Proposed Oregon Tax on Old Cars Gets Hauled to the Scrapyard

House Republicans lambasted the bill.

Junker car (Paul L Dineen)

The Oregon House Revenue Committee is zero-for-two on proposed tax bills this week.

Joining the proposed "coffee tax" on the ash-heap of history is House Bill 2877, introduced Wednesday, which would have required owners of vehicles 20 years old or more to pay a $1,000 tax every five years. The revenue generated would have gone to the State Highway Fund.

The bill was immediately criticized as a tax that would unfairly burden the poor. Detractors pointed out that the people who are driving older cars are usually doing so because they can't afford anything newer. It's the lower-income bracket who would be hit with this tax, while the folks with the new Lexus roll right on by.

Republicans attacked bill nearly as soon as it landed in the House Revenue Committee.

"The used car tax proposal is pathetic," House Republican Leader Mike McLane (R-Powell Butte) said in a press release today. "Only out-of-touch liberals could have come up with an idea this dumb, which would hurt seniors, students and working families."

One Oregonian was so alarmed by the bill that she alerted lawmakers and WW.

Amethyst Crosby, who lives on the Oregon coast, finds the bill "ridiculous", and Friday morning had already contacted her representatives to voice her disapproval.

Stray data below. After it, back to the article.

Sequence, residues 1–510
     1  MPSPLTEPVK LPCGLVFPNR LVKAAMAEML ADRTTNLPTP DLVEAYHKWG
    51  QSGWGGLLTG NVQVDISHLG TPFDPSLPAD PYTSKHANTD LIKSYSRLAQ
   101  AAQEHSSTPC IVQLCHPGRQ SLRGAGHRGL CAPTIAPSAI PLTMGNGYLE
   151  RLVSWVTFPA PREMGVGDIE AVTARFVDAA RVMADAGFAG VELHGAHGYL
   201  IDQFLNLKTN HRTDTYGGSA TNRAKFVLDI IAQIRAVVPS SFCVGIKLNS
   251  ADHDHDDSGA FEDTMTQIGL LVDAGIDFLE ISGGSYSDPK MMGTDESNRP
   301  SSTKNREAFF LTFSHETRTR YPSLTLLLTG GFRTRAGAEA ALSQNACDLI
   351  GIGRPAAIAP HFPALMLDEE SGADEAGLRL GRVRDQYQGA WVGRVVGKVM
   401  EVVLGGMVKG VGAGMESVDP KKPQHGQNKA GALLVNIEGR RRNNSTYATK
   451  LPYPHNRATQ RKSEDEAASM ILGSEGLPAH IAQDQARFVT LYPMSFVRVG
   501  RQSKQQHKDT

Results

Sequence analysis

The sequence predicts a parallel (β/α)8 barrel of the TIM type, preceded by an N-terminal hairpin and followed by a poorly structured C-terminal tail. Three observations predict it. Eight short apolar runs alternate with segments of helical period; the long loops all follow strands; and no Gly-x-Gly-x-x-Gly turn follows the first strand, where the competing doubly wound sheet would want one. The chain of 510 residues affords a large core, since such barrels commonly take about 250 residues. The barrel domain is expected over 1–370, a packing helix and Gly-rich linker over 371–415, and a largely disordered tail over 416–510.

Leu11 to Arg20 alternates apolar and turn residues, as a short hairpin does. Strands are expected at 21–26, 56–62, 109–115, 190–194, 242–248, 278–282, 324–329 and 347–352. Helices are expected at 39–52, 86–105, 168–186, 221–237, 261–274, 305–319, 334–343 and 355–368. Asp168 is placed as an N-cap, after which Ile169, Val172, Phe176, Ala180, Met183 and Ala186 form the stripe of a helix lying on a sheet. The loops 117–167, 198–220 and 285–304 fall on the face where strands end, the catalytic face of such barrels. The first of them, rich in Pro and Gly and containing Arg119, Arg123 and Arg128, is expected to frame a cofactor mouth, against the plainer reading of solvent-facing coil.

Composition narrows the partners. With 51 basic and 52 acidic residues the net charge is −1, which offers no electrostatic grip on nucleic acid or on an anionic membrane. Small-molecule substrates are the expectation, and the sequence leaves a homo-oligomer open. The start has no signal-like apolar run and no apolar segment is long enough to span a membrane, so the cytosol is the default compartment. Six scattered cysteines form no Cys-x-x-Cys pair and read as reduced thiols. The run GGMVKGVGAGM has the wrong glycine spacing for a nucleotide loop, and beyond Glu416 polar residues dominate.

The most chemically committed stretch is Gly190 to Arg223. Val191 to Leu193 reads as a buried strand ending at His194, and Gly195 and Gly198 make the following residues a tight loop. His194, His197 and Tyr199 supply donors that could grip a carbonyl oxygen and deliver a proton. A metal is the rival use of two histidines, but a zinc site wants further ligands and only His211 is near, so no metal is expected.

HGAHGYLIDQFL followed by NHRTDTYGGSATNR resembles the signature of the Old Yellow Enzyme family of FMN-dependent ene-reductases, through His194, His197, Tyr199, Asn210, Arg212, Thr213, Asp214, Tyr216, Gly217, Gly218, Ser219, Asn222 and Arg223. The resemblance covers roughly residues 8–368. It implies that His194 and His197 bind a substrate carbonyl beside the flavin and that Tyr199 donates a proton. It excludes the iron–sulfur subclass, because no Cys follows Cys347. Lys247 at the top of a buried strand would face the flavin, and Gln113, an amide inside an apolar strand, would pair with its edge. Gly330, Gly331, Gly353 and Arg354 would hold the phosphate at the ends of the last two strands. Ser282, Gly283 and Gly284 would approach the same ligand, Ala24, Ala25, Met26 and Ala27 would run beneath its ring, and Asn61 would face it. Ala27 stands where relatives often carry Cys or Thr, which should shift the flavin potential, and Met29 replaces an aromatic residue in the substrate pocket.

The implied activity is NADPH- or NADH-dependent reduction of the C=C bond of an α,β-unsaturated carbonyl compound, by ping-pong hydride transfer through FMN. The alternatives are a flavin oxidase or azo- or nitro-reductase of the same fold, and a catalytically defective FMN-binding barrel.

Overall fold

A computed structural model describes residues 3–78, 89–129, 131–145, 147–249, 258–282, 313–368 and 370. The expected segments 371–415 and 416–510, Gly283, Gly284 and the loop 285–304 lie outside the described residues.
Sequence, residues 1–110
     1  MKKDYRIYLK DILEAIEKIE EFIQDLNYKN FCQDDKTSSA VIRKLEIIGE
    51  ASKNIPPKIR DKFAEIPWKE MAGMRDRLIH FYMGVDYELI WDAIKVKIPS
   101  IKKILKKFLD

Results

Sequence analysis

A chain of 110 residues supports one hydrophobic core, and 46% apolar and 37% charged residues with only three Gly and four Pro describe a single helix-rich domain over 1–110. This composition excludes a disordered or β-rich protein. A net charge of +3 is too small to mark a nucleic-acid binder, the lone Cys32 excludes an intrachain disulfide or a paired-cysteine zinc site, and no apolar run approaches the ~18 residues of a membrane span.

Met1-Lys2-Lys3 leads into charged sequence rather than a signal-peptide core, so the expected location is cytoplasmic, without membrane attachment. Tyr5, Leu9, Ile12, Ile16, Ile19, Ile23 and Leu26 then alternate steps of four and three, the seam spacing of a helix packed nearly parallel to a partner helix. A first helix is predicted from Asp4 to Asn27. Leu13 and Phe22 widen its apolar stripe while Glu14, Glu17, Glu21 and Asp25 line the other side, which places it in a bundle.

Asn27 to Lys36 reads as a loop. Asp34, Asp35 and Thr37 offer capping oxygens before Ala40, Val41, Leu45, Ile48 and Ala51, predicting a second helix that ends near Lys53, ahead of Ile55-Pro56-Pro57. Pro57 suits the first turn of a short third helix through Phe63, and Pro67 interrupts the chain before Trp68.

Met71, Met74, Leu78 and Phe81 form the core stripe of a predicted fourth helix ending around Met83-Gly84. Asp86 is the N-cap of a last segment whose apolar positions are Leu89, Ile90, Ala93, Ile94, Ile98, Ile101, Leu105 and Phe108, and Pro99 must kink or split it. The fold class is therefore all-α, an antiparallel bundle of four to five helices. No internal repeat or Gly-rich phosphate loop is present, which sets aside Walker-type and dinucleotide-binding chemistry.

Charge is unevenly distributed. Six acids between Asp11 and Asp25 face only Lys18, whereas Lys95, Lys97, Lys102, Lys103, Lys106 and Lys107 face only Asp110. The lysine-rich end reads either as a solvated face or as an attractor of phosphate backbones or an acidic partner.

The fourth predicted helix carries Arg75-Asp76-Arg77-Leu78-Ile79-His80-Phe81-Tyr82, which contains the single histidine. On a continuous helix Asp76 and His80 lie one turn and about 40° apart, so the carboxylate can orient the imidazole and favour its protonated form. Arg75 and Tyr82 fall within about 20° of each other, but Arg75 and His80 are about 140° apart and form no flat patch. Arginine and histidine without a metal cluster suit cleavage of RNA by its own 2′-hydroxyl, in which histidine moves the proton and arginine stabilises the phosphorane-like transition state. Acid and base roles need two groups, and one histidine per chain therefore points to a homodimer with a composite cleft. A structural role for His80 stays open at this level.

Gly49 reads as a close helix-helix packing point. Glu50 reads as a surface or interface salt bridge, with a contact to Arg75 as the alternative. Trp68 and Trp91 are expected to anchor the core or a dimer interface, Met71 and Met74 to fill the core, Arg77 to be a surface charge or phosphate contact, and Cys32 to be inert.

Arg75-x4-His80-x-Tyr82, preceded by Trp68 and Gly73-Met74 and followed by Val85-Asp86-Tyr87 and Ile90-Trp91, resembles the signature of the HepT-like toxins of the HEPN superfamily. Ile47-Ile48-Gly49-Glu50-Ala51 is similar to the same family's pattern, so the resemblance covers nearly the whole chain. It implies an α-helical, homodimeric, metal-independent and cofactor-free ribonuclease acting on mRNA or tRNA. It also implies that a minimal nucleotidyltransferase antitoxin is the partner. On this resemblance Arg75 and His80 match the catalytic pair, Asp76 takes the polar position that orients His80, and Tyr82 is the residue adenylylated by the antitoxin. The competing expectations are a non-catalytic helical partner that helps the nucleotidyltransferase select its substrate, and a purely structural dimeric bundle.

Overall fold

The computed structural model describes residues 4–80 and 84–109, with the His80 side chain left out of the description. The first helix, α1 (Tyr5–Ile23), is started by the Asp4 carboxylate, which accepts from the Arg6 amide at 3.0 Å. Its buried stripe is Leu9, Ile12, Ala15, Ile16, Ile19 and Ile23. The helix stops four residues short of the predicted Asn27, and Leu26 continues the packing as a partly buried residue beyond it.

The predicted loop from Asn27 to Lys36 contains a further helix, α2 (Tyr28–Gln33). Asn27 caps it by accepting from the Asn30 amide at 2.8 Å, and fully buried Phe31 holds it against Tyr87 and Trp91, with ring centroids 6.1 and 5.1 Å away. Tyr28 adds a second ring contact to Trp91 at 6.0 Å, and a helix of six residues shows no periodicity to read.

Crosby was especially concerned for people in non-metropolitan communities like hers, who often don't have the option of using a bus service instead of driving. For that reason, she thinks this bill was far worse than the one hitting coffee beans.

"Buying coffee is a choice, but a lot of us don't have a choice in how we manage our money and transportation options," Crosby explains.

But just like Thursday's proposed coffee tax, the old-car tax is already dead. The bill has not been set for a hearing, and Representative Phil Barnhart (D-Central Lane and Linn Counties), chair of the House Revenue Committee, does not currently intend to hold one.

"There are 100 bills in the committee, and most will not receive a hearing," a spokesperson from Barnhart's office says.

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